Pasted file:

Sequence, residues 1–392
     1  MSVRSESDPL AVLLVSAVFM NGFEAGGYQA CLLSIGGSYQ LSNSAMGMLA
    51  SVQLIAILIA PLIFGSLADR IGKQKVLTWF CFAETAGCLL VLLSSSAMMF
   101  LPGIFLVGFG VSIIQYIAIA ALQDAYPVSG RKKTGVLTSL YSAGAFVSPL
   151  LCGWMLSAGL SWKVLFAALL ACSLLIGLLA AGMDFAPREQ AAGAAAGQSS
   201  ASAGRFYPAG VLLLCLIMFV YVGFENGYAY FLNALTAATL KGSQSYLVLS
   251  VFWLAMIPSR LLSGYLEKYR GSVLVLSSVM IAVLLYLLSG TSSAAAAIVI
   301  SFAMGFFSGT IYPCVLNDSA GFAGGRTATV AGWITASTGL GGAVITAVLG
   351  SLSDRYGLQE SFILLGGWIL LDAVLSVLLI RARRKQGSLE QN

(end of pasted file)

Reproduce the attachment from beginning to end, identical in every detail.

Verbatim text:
Sequence, residues 1–392
     1  MSVRSESDPL AVLLVSAVFM NGFEAGGYQA CLLSIGGSYQ LSNSAMGMLA
    51  SVQLIAILIA PLIFGSLADR IGKQKVLTWF CFAETAGCLL VLLSSSAMMF
   101  LPGIFLVGFG VSIIQYIAIA ALQDAYPVSG RKKTGVLTSL YSAGAFVSPL
   151  LCGWMLSAGL SWKVLFAALL ACSLLIGLLA AGMDFAPREQ AAGAAAGQSS
   201  ASAGRFYPAG VLLLCLIMFV YVGFENGYAY FLNALTAATL KGSQSYLVLS
   251  VFWLAMIPSR LLSGYLEKYR GSVLVLSSVM IAVLLYLLSG TSSAAAAIVI
   301  SFAMGFFSGT IYPCVLNDSA GFAGGRTATV AGWITASTGL GGAVITAVLG
   351  SLSDRYGLQE SFILLGGWIL LDAVLSVLLI RARRKQGSLE QN